Moving from cowboy coding to agile development

Monday, April 24, 2006

Abusing TDD genetically

I recently made a small program as an example of a genetic algorithm. It was a minor school assignment, so the algorithm type to use was set in advance. Trying to use TDD as much as I can nowadays, I once again started writing code tests first.

After learning about how tests should drive design earlier, I now faced another interesting situation. Part of the design (the algorithm type bit) was already set, so the tests should actually adapt to that. I thought about how I should write tests in a case like this, and decided to experiment a little. Instead of writing tests for existing code (that didn't actually exist yet, but was quite thoroughly planned and only waited to be written), I tried to come up with tests that could have forced me to choose the algorithm I had already thought about. I know this was not anything like the approach TDD is meant to motivate, but it was fun - and writing unit tests still really paid off.

I managed to write tests that drove me towards the algorithm I had already partly designed and made the original design, in a sense, justified. Writing really demanding tests also made me improve the original design by showing that some details in the algorithm worked only occasionally as I had meant them to work. "Occasionally" is an important thing here, since genetic algorithms form a partly random approach to finding solutions in large search spaces.

Next I will present some examples of how unit testing helped me while writing a simple genetic algorithm. If you're not familiar with the concept, you might want to quickly browse Wikipedia's article on the subject. If you want to skip that, let's just say the algorithm is all about evolution (of solutions to the problem) and leave it at that. :)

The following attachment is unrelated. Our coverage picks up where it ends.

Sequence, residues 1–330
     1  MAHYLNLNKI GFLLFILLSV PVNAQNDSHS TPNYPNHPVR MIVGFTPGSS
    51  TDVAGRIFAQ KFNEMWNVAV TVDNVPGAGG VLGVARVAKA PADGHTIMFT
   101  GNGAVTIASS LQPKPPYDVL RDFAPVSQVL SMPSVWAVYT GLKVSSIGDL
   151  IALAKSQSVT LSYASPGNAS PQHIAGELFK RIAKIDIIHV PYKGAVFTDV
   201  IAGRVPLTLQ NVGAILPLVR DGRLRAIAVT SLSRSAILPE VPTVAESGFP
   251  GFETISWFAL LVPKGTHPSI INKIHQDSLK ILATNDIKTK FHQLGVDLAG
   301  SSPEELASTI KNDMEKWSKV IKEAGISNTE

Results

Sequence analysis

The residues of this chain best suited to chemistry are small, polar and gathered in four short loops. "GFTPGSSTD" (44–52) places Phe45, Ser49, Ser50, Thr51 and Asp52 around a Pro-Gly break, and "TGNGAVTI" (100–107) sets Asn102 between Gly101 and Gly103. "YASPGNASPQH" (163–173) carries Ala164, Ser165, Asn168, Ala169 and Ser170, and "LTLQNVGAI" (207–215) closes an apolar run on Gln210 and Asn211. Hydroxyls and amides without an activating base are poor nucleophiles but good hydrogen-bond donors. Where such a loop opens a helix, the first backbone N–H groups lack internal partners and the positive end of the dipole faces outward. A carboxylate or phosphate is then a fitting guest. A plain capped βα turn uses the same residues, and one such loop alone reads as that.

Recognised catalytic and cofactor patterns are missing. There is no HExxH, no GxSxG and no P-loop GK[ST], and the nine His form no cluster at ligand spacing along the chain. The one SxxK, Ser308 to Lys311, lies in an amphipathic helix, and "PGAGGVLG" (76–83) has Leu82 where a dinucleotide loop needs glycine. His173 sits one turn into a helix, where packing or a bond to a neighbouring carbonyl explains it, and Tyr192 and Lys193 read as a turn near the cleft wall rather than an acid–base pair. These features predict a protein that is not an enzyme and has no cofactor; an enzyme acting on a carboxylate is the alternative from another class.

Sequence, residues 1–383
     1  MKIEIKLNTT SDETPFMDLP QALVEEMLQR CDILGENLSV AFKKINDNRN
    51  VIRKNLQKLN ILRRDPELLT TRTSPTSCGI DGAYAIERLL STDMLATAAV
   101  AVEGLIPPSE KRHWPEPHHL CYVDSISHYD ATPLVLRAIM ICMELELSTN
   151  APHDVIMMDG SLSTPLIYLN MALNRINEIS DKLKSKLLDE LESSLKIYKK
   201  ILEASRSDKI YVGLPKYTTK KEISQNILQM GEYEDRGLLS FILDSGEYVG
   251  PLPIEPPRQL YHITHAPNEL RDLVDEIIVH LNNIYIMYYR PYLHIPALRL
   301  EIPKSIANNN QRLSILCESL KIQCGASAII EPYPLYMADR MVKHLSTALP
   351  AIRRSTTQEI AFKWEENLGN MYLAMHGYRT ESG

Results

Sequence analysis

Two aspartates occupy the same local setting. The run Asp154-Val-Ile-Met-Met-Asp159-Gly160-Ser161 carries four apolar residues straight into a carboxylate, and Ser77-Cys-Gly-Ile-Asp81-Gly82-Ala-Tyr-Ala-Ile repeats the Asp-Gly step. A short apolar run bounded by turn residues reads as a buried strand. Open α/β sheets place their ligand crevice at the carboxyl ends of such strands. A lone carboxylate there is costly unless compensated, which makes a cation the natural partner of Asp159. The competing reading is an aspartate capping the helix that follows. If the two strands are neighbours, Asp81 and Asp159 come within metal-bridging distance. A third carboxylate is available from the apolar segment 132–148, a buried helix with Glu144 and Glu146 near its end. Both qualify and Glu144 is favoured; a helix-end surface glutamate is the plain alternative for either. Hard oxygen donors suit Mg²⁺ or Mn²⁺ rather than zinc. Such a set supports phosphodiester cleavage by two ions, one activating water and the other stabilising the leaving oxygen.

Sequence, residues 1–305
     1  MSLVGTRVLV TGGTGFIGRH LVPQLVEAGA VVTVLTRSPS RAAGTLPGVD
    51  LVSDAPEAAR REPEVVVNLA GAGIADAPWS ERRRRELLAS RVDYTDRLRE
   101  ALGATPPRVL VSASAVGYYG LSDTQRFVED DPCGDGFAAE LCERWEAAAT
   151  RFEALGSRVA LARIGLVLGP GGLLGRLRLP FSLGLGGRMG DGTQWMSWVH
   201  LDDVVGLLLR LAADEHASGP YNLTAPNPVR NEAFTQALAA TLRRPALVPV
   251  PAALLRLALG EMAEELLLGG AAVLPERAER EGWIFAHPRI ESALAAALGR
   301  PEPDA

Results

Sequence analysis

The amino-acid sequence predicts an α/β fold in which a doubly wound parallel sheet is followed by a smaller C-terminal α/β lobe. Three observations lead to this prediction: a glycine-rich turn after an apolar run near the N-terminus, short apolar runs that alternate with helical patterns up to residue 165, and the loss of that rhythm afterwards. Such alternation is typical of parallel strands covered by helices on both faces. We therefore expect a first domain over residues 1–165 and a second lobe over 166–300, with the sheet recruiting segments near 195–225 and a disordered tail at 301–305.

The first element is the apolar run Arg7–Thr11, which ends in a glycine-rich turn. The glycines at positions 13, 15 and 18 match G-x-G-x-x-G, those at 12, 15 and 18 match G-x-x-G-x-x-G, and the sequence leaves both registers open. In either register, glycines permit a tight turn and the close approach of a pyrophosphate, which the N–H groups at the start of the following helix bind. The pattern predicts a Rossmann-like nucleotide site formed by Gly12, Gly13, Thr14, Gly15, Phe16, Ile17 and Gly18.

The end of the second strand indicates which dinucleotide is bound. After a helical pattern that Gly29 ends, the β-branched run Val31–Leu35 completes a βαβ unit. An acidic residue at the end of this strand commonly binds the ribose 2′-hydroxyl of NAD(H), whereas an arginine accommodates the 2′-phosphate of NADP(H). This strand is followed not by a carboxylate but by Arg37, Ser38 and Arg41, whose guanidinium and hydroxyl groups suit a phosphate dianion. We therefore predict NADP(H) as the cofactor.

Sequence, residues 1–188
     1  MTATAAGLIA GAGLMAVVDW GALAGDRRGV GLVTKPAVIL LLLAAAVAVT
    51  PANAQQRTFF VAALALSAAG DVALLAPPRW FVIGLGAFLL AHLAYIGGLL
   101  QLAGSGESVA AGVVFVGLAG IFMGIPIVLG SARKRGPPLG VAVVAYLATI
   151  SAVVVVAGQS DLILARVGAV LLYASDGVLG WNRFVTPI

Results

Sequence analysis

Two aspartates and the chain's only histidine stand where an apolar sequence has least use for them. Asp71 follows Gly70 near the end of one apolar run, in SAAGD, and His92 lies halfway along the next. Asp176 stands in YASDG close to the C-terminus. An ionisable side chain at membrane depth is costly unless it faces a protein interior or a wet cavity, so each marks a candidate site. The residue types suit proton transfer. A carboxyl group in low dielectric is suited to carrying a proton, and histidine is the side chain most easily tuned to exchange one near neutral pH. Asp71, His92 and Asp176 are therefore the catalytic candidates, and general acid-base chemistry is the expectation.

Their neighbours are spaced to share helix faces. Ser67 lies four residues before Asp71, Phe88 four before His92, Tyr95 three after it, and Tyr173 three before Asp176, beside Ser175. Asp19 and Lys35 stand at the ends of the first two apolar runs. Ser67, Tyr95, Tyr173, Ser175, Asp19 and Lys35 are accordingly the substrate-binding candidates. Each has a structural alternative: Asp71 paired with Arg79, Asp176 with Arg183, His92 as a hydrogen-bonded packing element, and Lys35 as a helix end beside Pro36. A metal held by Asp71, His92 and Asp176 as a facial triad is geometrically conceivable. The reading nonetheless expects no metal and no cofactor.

Uncle Bob's blog post Extract Class provided me with a good way to test randomness. For example, I implemented the mutation of individuals so that the likelihood of mutation depended on the fitness of the individual: a perfect individual should never mutate, a strong individual should mutate only with a small likelihood, and a very poor individual should almost always mutate. So, I wrote tests for each case, writing a loop in which I called the mutation control method and counting the number of times a mutation actually happened.

public void testStrongIndividualVeryUnlikelyMutates() {
Individual original = new Individual("88888");
Individual after;
int changeCount = 0;
for(int i=0; i<1000; i++) {
after = new Individual("88888");
if(!original.equals(after)) {
assertTrue((changeCount < 250) && (changeCount > 50));

One of the things unit tests helped me improve was generating offspring for two parent individuals. Since I didn't want the individuals to produce exact copies of themselves (since that would not give me any new information), I wrote a test that ensured the offspring was different from both parents. I was surprised to see the test fail with randomly generated individuals, since I thought a good selection of the crossover point alone would solve this. I soon realised that if the parents had identical "DNAs" on one side of the crossover point (e.g. "123|456" and "888|456"), the offspring would be an exact copy of one the parents. This was really easy to solve by forcing the offspring to mutate at birth, but I might not have found the flaw without a good test.

All in all, the task was fun and educating, although my approach probably added a (big) twist of solid coding horror to TDD.